Typically, though, the devices work below the threshold voltage. In this region, the gate voltage controls the source-drain current. "The gate applies a potential to the island and the proper polarity of this potential makes it energetically advantageous for electrons to enter the island," explained Likharev. "So it changes the Coulomb blockade threshold."
As the gate voltage is increased, the blockade threshold voltage drops, and the source-drain current grows until the blockade threshold voltage equals zero. But when the gate voltage is increased beyond this point, the blockade voltage rises again and the current drops.
In other words, the single-electron transistor oscillates between regions of positive and negative transconductance. The advantage is that, like the resonant devices, only one type of device is needed to make a complementary logic gate. "You bias one transistor so that its transconductance is positive and the other so that it is negative, and you get a good analog to CMOS," said Likharev.
Likharev believes that their nanometer dimensions suit single-electron transistors to memory—and possibly some switching applications that he is developing. But they are not suitable for logic. "Because of the small transconductance, it takes a long time to charge up long interconnects," he said. Background charge is also a problem. The sensitive transistor is affected by even a single charged impurity, which occurs often in dielectric materials.
A second important type of single-electron device places the island between the gate and the channel of a field-effect transistor, divided from each by an insulator [Fig. 5, bottom]. The channel becomes the island's electron source, and the transistor gate does double duty as the gate electrode for the island. The combination of the charge stored on the island with the source-drain and gate voltages determines the current through the channel. These devices are so like electrically erasable programmable ROM cells—or flash cells—as to be a natural for nonvolatile memory.
In practice, however, fabricating a single nanometer-scale dot and lining it up with a transistor channel is not easy. So some scientists are taking a scattershot approach. They have developed techniques for creating many small dots in the oxide layer between the gate and the channel.
At the Thomas J. Watson Research Center and more recently at Cornell, Sandip Tiwari and his colleagues have formed dots from nanocrystals a few nanometers in diameter, using a chemical vapor deposition process derived from conventional fabrication. The difference, according to Tiwari, a professor of electrical engineering and director of the Cornell Nanofabrication Facility, is that by contrast with the formation of continuous floating gates of conventional flash cells, "you don't allow the grains to coalesce into a continuous film and you allow enough time for the silicon grains to reach a stable state."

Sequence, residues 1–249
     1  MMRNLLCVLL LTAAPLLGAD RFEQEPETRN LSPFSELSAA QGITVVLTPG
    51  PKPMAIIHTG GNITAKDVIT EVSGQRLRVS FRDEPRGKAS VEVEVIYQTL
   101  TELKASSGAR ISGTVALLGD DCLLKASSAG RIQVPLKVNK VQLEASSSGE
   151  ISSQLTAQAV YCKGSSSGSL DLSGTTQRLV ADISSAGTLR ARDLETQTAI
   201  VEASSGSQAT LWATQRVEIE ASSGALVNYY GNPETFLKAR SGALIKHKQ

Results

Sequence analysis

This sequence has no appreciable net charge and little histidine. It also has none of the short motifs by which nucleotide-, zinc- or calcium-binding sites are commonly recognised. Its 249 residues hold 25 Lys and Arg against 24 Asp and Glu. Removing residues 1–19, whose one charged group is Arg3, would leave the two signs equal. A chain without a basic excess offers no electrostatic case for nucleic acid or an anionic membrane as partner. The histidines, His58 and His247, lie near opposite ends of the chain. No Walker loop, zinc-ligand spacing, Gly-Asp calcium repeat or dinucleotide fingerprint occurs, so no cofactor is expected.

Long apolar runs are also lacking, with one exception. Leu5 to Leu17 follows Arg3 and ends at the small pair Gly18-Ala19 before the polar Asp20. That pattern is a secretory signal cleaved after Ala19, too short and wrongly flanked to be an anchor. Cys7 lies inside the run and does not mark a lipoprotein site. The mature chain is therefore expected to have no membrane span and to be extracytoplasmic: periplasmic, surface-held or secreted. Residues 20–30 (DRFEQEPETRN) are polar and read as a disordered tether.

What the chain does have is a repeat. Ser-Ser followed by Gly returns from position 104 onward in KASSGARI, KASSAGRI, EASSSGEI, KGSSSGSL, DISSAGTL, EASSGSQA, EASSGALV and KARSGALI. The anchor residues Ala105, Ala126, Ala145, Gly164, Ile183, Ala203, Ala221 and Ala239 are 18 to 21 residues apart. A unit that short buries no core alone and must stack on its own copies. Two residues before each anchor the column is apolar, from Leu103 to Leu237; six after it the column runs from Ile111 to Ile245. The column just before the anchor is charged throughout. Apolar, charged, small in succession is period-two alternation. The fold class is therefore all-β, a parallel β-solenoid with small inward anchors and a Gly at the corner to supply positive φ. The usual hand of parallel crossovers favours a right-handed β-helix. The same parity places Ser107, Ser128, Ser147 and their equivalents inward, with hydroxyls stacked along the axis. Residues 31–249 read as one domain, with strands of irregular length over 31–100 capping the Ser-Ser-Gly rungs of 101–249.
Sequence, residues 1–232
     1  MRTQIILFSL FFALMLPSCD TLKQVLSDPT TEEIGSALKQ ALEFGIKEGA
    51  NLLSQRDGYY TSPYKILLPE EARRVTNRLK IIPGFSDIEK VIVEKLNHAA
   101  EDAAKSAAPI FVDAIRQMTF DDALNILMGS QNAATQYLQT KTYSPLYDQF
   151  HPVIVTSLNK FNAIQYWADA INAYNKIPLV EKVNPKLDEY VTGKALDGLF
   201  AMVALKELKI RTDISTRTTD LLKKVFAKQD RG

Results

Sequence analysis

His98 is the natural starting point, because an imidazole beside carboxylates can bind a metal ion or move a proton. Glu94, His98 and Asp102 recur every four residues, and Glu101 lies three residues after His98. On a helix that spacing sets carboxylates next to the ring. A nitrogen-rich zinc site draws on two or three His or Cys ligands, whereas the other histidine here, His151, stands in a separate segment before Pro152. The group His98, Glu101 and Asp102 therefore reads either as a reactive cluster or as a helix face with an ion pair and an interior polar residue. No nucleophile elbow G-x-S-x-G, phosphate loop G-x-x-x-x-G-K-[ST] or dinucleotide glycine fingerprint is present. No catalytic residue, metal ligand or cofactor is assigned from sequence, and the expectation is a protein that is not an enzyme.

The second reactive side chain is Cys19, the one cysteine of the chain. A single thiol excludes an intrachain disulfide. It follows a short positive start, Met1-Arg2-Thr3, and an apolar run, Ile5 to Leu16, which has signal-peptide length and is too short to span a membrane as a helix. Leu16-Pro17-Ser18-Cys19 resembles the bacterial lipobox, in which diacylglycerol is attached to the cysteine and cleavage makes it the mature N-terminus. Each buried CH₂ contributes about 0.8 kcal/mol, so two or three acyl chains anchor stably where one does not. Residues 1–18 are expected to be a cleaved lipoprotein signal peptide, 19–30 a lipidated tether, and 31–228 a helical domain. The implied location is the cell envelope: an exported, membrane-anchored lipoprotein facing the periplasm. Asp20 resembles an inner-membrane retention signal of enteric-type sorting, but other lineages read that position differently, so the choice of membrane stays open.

The nanocrystal approach has the added benefit of minimizing the effects of so-called interface states—lattice discontinuities that form on the boundaries between the nanocrystals or the gate and the oxide, and that can trap charge. "Even with interface-state densities of mid-1010 or 1011/cm2," said Tiwari, "their effects are overpowered by the fact that there are sufficient nanocrystals around—typically 40 or 50 or more—and with more than one electron stored on them. The effect of those interface states becomes very small."
Another advantage of the nanocrystal structure is that the oxides holding the dots can be much thinner than in conventional flash devices. Just one defect in the continuous floating gate of a conventional flash cell will let electrons escape to the gate or to the overlap regions of the source and drain, Tiwari explained. But a nanocrystalline defect is far from disastrous, for even if the charge on one nanocrystal escapes, charge still exists on all the other nanocrystals. The thinner oxides pay off in write speeds that are faster and voltages that are lower than those of flash cells.
When the team measured the transistors' current-voltage characteristics, they found that threshold voltages could be increased by fractions of a volt to a few volts if the nanocrystals were charged up. So the presence or absence of charge on the nanocrystals can be used to indicate a logic 1 or 0, discovered by measuring the transistor output at a given gate voltage.
Connecting the dots
Rather than assembling a transistor out of quantum dots, Craig Lent and his co-workers at the University of Notre Dame are using quantum dots to perform logic operations. "When you are making things really small, particularly molecular kinds of things, the fundamental idea is not to use the transistor idea at all, but to encode the information in the charge configuration," Lent told Spectrum.